Location: Wisconsin, United States
A six-week University of Illinois Field School in Midwestern Archaeology will be held this year at the Trempealeau site (in the beautiful unglaciated Driftless Area of southwestern Wisconsin, within the city limits of Trempealeau, WI), as part of the three-year ‚Äö√Ñ√∫Mississippian Initiative,‚Äö√Ñ√π funded by the National Science Foundation, and co-directed by T. Pauketat, R. Boszhardt, and D. Benden. It seeks to answer how specifically Cahokia altered the history of North America for centuries. This year, we will seek evidence from one of its distant likely outposts, the unusual hilltop complex hundreds of miles north of Cahokia. Our project will seek to discover whether Trempealeau was primarily a colony, a mission, or a group of Cahokian expatriates. Were the occupants primarily Cahokians? If so, did they engage locals on site? Were the relations peaceful or antagonistic? Is there a heavy emphasis on Cahokian religion or religious temples at the site? The answers that we find in the earth promise to revise how we think about ancient culture contacts, pre-Columbian religious conversion, and the basis underlying a period of apparent ‚Äö√Ñ√∫peace‚Äö√Ñ√π in the Mississippi valley between A.D. 1050-1200.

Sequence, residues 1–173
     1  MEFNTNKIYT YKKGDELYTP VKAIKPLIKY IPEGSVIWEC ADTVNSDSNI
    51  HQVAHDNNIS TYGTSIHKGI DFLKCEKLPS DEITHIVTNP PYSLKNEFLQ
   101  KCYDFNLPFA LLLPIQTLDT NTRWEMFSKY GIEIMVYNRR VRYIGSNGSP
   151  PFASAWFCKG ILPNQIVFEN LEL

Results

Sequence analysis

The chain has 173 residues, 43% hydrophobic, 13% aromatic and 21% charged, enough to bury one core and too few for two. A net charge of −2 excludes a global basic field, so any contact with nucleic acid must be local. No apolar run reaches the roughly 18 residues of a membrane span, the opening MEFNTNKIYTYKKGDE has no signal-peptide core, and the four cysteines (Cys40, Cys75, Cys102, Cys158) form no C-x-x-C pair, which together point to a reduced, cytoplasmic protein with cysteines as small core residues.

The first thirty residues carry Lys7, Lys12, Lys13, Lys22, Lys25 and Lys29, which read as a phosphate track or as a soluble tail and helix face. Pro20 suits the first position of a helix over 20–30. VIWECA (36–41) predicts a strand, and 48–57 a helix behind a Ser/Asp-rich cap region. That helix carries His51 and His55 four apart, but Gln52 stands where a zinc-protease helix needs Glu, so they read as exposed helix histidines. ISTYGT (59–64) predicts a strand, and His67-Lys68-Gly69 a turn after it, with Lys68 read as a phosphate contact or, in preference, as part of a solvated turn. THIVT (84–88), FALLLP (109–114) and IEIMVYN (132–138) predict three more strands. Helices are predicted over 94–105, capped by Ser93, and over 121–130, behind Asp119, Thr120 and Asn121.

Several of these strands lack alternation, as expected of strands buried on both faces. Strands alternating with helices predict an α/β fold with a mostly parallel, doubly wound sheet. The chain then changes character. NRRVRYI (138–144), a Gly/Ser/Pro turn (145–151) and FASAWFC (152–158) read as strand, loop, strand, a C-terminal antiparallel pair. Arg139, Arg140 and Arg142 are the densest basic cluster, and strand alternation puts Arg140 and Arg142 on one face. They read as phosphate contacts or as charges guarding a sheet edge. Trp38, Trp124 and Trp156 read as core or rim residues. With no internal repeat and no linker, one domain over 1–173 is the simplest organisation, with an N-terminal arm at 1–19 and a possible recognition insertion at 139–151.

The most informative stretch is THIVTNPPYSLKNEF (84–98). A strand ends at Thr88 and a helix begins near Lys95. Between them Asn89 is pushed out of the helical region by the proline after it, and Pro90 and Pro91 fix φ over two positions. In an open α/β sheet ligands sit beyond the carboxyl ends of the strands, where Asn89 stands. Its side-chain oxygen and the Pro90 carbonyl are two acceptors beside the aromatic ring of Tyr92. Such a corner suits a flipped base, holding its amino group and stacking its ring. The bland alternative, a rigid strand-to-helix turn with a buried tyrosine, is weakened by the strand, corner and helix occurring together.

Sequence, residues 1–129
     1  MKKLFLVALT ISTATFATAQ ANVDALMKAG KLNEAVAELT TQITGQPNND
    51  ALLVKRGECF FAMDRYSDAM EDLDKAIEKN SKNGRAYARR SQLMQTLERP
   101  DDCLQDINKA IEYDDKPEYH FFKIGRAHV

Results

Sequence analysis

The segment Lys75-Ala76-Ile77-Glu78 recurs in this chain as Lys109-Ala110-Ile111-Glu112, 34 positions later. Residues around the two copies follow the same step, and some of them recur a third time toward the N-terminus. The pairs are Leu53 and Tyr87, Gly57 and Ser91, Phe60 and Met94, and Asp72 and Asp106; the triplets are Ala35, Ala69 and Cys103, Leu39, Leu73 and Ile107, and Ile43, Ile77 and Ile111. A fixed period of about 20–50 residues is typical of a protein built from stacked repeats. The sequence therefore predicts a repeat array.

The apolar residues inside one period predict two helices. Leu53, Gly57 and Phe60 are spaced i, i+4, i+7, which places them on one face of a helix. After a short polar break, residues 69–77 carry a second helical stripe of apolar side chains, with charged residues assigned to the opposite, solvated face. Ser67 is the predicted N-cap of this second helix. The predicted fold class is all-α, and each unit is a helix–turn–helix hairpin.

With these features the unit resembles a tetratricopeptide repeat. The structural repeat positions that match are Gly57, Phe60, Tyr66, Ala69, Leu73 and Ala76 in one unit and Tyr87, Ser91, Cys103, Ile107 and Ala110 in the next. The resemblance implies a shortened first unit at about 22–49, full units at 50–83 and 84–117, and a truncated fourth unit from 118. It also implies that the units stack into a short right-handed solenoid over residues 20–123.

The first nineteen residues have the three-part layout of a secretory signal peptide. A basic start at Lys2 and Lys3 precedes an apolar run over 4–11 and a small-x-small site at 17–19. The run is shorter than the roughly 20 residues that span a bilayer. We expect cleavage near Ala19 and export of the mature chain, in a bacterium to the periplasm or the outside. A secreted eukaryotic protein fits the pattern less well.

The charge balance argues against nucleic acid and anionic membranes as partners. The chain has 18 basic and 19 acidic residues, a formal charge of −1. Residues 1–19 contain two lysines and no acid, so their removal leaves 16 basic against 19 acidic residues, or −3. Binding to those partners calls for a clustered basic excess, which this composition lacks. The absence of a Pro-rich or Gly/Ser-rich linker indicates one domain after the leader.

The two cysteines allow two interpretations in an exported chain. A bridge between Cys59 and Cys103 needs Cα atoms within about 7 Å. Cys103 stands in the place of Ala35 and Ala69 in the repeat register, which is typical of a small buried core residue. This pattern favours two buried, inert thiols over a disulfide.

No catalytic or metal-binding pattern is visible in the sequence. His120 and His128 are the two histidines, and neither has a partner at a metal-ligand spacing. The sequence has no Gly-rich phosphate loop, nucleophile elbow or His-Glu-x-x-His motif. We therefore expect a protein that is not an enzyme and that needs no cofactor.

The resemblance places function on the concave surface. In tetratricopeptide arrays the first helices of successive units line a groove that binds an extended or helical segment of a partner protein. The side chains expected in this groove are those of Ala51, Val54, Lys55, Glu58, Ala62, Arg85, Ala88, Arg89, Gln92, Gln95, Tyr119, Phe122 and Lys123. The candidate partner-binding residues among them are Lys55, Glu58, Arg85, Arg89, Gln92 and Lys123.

Period(s) of Occupation: Mississippian
Minimum Length of Stay for Volunteers: 6 weeks
Room and Board Arrangements
We will be staying in a hotel and a house in Trempealeau. Bring bedding (single sized cots/air mattress), eating utensils, your favorite cookpot, and, optional but a good idea: a foldable/portable chair. Students will be responsible for paying for their own food and transportation, but carpooling and communal cooking is the norm. Application is required, available online at following URL: http://www.anthro.illinois.edu/
Pauketat, Timothy R., Cahokia: Ancient America's Great City on the Mississippi, 2009, New York